It is a very biblical accusation. Belongs up there with a few other archaic transgressions including fornication, lasciviousness, uncleanliness and idolatry. Sedition or seditious libel has its origin in English Law, way back when in a still feudal country the monarchy was viewed as having a divine right and subjects (not citizens) were forbidden from questioning or criticising the “powers-that-be”.
Seditious libel, in the few places on earth where it still exists in the law books, including Botswana, is generally viewed as having no place in a modern democracy. In 2009 the British Parliament voted to repeal the act (originally promulgated in 1661) after a long campaign by free-speech lobbyists in that country highlighting that the offence is “obsolete” and in contravention of global human rights legislation.
Claire Ward, Parliamentary Under Secretary of State at the Ministry of Justice in the UK, declared at the time that, “Sedition and seditious and defamatory libel are arcane offences – from a bygone era when freedom of expression wasn’t seen as the right it is today… The existence of these obsolete offences in this country had been used by other countries as justification for the retention of similar laws which have been actively used to suppress political dissent and restrict press freedom… Abolishing these offences will allow the UK to take a lead in challenging similar laws in other countries, where they are used to suppress free speech.”
Which is what happened in the kingdom of Swaziland in September last year when the Swazi High Court ruled the Suppression of Terrorism Act and the Sedition and Subversive Activities Act unconstitutional. It was a ruling welcomed by Swazi pro-democracy groups but one that might be challenged or simply annulled by royal proclamation.
That’s how the monarchy rolls.
Botswana’s Sunday Standard editor and publisher, Outsa Mokone, wearing his trademark purple Kangol trilby, spent the holiday season with his family in Cape Town. He doesn’t look like a man too troubled by the prospect that he might spend two years behind bars on charges of sedition or that he has succeeded in making history, becoming the first person in Botswana’s history to ever be charged with sedition.
“I am not in exile. I will not run away,” Mokone told Daily Maverick.
Botswana, regarded until recently as a bastion of democracy on the continent, has been making headlines for all the wrong reasons as the government of President Ian Khama’s Botswana Democratic Party faces criticism for its increasingly authoritarian tendencies as well as a growing concern with regard to the abuse of state resources.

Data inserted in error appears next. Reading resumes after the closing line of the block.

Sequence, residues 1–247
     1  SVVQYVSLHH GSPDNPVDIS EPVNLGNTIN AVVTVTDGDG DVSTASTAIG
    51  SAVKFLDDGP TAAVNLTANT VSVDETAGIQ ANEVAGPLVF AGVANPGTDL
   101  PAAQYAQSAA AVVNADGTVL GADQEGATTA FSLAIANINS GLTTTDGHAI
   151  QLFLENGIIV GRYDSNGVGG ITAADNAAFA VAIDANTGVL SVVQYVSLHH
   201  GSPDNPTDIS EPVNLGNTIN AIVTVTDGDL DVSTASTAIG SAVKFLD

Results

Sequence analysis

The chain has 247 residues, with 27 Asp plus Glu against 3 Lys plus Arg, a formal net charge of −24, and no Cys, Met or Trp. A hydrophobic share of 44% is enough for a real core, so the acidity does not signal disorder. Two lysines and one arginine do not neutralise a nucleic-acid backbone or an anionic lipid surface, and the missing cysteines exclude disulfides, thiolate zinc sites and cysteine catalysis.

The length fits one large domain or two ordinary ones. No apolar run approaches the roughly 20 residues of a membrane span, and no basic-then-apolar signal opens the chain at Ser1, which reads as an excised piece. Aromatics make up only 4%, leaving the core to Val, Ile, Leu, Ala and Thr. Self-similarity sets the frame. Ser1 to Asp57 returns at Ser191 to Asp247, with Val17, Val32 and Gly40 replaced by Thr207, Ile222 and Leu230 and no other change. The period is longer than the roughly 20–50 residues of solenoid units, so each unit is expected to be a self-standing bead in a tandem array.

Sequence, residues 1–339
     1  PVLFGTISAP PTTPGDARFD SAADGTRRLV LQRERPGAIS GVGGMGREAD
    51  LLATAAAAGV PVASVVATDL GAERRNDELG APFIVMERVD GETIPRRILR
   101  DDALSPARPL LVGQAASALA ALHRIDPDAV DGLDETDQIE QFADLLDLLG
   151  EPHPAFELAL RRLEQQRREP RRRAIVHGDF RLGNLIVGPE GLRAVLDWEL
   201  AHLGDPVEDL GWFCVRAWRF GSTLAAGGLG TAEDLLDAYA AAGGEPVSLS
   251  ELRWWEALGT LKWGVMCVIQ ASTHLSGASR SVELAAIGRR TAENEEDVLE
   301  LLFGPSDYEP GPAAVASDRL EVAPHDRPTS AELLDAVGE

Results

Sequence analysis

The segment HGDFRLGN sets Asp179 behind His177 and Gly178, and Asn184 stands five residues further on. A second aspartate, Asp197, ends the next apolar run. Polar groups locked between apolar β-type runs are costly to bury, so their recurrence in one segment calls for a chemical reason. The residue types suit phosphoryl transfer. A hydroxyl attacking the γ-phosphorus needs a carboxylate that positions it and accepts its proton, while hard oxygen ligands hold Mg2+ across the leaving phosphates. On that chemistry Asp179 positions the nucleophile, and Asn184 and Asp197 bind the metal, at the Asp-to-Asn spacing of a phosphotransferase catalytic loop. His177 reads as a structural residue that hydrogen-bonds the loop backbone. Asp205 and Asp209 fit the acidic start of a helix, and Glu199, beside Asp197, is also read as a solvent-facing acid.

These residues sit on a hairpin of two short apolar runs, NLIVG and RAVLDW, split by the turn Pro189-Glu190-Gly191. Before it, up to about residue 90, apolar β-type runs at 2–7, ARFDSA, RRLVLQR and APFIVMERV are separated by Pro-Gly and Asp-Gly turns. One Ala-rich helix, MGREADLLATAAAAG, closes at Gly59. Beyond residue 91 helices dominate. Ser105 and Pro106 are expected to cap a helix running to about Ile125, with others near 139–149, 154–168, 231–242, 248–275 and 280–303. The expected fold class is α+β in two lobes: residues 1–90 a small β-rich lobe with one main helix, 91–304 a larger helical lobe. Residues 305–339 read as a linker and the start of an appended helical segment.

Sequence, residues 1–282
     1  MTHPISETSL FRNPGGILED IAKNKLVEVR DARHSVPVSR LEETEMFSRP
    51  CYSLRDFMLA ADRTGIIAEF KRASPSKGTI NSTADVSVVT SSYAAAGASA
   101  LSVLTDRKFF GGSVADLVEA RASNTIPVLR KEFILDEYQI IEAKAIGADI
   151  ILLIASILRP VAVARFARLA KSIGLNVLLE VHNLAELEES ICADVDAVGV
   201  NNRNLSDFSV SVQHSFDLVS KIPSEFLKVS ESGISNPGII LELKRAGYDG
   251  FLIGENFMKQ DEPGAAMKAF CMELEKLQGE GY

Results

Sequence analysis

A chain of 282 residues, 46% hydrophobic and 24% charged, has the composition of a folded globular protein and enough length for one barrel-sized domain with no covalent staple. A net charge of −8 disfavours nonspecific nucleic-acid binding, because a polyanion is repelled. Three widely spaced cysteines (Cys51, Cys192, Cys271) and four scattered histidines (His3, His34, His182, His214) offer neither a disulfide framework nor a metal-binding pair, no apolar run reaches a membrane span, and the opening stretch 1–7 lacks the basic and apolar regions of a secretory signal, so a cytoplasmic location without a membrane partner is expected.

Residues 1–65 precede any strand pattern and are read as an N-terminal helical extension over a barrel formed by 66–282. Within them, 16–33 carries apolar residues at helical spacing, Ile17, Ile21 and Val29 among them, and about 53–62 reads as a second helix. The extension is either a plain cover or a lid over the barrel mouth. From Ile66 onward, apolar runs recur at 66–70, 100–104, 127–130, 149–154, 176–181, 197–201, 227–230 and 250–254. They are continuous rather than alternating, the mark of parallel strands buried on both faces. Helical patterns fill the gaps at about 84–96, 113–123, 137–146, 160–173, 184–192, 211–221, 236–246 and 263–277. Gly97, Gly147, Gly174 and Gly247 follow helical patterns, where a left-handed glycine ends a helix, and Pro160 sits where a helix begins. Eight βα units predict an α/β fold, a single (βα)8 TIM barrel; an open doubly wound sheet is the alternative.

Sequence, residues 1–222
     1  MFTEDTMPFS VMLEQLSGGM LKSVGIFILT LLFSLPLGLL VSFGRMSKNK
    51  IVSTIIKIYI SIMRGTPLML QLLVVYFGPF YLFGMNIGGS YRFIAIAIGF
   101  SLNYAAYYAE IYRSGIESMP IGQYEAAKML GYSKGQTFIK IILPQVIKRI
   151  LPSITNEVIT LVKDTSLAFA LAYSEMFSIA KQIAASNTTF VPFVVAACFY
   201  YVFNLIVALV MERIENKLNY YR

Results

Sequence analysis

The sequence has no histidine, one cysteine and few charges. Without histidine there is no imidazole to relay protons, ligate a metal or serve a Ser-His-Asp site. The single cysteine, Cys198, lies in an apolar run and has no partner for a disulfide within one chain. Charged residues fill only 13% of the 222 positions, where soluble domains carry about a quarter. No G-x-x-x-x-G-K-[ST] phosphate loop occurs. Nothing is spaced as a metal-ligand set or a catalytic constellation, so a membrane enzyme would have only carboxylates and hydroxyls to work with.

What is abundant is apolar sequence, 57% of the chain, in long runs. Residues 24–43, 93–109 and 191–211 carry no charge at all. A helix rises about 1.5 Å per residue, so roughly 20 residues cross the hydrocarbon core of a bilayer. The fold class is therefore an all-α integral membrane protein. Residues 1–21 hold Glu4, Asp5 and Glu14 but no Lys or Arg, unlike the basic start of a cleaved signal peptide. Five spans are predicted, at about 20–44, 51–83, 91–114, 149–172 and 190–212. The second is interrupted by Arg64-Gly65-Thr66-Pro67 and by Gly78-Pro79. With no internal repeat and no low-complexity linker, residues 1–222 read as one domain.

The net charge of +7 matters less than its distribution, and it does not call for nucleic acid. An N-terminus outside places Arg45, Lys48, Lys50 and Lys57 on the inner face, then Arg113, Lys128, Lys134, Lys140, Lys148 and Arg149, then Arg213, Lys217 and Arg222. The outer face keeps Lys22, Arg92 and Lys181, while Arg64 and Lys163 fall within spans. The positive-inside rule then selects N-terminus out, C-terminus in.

In this climate a free and independent media is vital, which is a problem in Botswana where the overwhelming bulk of media – print, radio and television – is government-owned. Private newspapers, such as Mokone’s Sunday Standard, are rare.
Mokone was arrested in September 2014 after what appears to be a relatively minor news event. One of his senior reporters, Edgar Tsimane, had filed a story that President Khama’s Jeep had rear-ended the vehicle of a visiting Zambian, Mabitha Kaunda, in the country’s capital, Gabarone, on the evening of August 23. The accident was not reported to police. Tsimane, said Mokone, had interviewed several witnesses to the accident including Kaunda who has since gone to ground.
Mokone was in Cape Town with his family when he received a call that police were looking for Tsimane. When he returned to Botswana he was instructed to report to police and account for Tsimane’s whereabouts. When he could not, Mokone was detained and held for 24 hours without access to his lawyers. Tsimane had, in the meantime, fled to South Africa after a tip-off that he was being sought by the country’s intelligence agency.
Mokone told Daily Maverick that he suspected he had been arrested and his computer impounded after the Sunday Standard had run a series of investigative pieces about corruption in the Directorate of Intelligence and Security Services and which allegedly implicated President Ian Khama.
“A lot of money had been siphoned off through the Intelligence Services. They simply do not have to account for it. They were giving tenders to themselves and friends and family. We ran a number of stories. Around the same time the Directorate on Corruption and Economic Crime (DCEC) was investigating the head of the Intelligence and we were able to get hold of the docket and started running the investigation. The DCEC went to court to stop us. They were given an interdict and I suspect they wanted access to my computer to see where the leaks were coming from,” said Mokone.
Mokone then became the first person in the history of Botswana arrested under the country’s sedition laws. In August 2016, an attempt by his legal team to challenge the constitutionality of sections 50 and 51 of the Penal Code that relate to sedition was overturned by an acting High Court Judge, Jennifer Dube.